Biscuits joints are often used for joining wood because they tend to be very strong. Making biscuits joints with a biscuit joiner is quite easy once you’ve mastered to tool and it cuts the slots you need to perfection. Also known as a plate joiner, it helps make your biscuit joints accurate.
Step 1 - Size
The first thing to do is decide on the size of biscuit for the joint. In most instances, you’ll find that a #20 biscuit will be quite adequate. However, if the wood you’re working with is very thin, then you’ll need to go smaller on the biscuit size. The biscuit is the piece of wood that fits in the holes you make and joins the two pieces of wood.
Step 2 - Setting the Biscuit Joiner
The size of biscuit will determine how you set the depth adjustment on the biscuit joiner. From there you’ll have to set the height adjustment so the biscuit is in the middle of the stock. You need to be aware that if you’re using double biscuits-that is, two biscuit joints side by side-then you have to leave a gap of 3/16 inch or more between the biscuit joints, and also between the joint and the edge of any board.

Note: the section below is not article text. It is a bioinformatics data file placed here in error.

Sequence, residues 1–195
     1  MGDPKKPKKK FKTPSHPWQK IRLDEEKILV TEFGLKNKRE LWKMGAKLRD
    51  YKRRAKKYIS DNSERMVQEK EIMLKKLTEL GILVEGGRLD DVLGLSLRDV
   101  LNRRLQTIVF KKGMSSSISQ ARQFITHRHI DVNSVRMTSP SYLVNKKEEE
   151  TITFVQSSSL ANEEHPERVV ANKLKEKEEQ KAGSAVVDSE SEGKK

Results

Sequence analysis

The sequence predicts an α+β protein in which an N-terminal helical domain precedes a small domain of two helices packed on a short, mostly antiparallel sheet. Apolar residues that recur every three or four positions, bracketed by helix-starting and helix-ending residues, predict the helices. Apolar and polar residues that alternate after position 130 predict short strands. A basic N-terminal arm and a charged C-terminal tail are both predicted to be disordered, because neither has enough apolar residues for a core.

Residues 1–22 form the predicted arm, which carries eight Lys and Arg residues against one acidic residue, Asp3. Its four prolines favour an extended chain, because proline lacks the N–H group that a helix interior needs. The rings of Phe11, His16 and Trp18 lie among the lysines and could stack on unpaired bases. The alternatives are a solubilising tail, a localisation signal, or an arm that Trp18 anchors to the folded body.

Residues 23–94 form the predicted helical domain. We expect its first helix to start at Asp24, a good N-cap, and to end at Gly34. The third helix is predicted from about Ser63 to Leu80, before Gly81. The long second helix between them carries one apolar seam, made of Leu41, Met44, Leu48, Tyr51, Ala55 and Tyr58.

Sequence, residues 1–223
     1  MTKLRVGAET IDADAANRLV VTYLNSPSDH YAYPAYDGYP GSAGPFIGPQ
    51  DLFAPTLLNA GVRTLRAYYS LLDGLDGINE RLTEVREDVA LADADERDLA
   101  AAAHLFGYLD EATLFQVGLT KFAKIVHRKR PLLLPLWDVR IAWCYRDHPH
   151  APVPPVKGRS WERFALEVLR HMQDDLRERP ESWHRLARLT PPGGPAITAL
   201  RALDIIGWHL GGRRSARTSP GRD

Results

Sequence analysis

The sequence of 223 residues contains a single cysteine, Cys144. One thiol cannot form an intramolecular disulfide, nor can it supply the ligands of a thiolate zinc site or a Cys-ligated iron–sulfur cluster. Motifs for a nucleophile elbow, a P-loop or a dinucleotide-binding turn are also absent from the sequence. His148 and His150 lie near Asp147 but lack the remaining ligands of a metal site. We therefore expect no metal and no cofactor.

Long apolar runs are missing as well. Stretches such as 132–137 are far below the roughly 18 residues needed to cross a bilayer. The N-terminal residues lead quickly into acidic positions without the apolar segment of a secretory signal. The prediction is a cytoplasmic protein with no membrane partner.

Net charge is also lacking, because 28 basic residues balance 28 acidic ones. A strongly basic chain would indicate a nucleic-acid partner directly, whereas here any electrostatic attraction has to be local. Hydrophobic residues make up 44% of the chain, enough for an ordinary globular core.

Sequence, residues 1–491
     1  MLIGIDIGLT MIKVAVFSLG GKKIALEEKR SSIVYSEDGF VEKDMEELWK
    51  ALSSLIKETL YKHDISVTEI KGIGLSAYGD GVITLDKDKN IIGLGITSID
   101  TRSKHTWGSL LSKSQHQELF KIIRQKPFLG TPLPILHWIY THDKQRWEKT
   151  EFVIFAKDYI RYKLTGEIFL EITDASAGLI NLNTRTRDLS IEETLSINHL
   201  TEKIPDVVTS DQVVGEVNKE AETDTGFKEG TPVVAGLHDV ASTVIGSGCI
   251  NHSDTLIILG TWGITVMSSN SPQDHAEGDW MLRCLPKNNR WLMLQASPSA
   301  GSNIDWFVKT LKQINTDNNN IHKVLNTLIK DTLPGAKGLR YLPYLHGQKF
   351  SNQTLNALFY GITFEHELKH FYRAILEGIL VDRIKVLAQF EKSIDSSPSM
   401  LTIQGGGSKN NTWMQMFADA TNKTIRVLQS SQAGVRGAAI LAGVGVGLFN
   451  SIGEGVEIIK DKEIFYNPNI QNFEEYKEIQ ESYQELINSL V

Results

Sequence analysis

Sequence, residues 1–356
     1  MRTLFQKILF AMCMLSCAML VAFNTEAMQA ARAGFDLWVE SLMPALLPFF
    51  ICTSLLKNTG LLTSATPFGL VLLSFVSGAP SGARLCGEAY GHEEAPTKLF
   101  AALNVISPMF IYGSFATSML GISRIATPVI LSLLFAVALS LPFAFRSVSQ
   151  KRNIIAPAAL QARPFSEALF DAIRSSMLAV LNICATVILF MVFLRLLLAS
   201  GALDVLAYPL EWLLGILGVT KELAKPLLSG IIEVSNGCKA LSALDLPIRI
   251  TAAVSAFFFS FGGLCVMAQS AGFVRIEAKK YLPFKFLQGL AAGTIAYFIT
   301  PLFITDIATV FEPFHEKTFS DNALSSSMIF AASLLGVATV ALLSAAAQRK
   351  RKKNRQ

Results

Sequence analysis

Step 3 - Marking
Now you need to prepare the wood to be cut by the biscuit joiner. Place it in the position you’ll be using for cutting, and with your tape measure and pencil, mark out where you’ll be cutting the slits on each board.
Step 4 - Cutting
You need to be aware of how a biscuit joiner works before you begin using it. Wear safety glasses before you use it, to keep your eyes well protected. To make the cuts in the wood, you need to press the biscuit joiner against the board. When you do this, the blade, which is 4 inches long, emerges. As you release the pressure on the tool, the blade contracts again.
To make sure you’re cutting in exactly the right place, you need to have the cutting guide completely aligned with the pencil marks you’ve made on the board, and the fencing guide perpendicular to the edge of the wood.
To make the cut, push the biscuit joiner firmly against the wood, keeping on going until the blade will go no further. Release the pressure and let the blade retract, and you will have your cut. Repeat this on the other board. Make sure the cuts are clean and full enough to accept the biscuit, and blow and debris out of them. Make sure you store the biscuit joiner safely, under no pressure so that the blade is fully retracted.
Step 5 - Glue
To fix the biscuit joints properly, take your wood glue and apply a little into one of the slots. Insert the biscuit, making sure it’s the way in. Now put glue in the other slot, line up the boards and push the biscuit into the second board.
Now you need to clamp the two boards together. Beware, however, that you don’t clamp too tightly. If you do that, you risk losing all the glue from the joint. There will inevitably be some excess glue that leaks, and use a damp cloth to wipe it off before it has a chance to dry.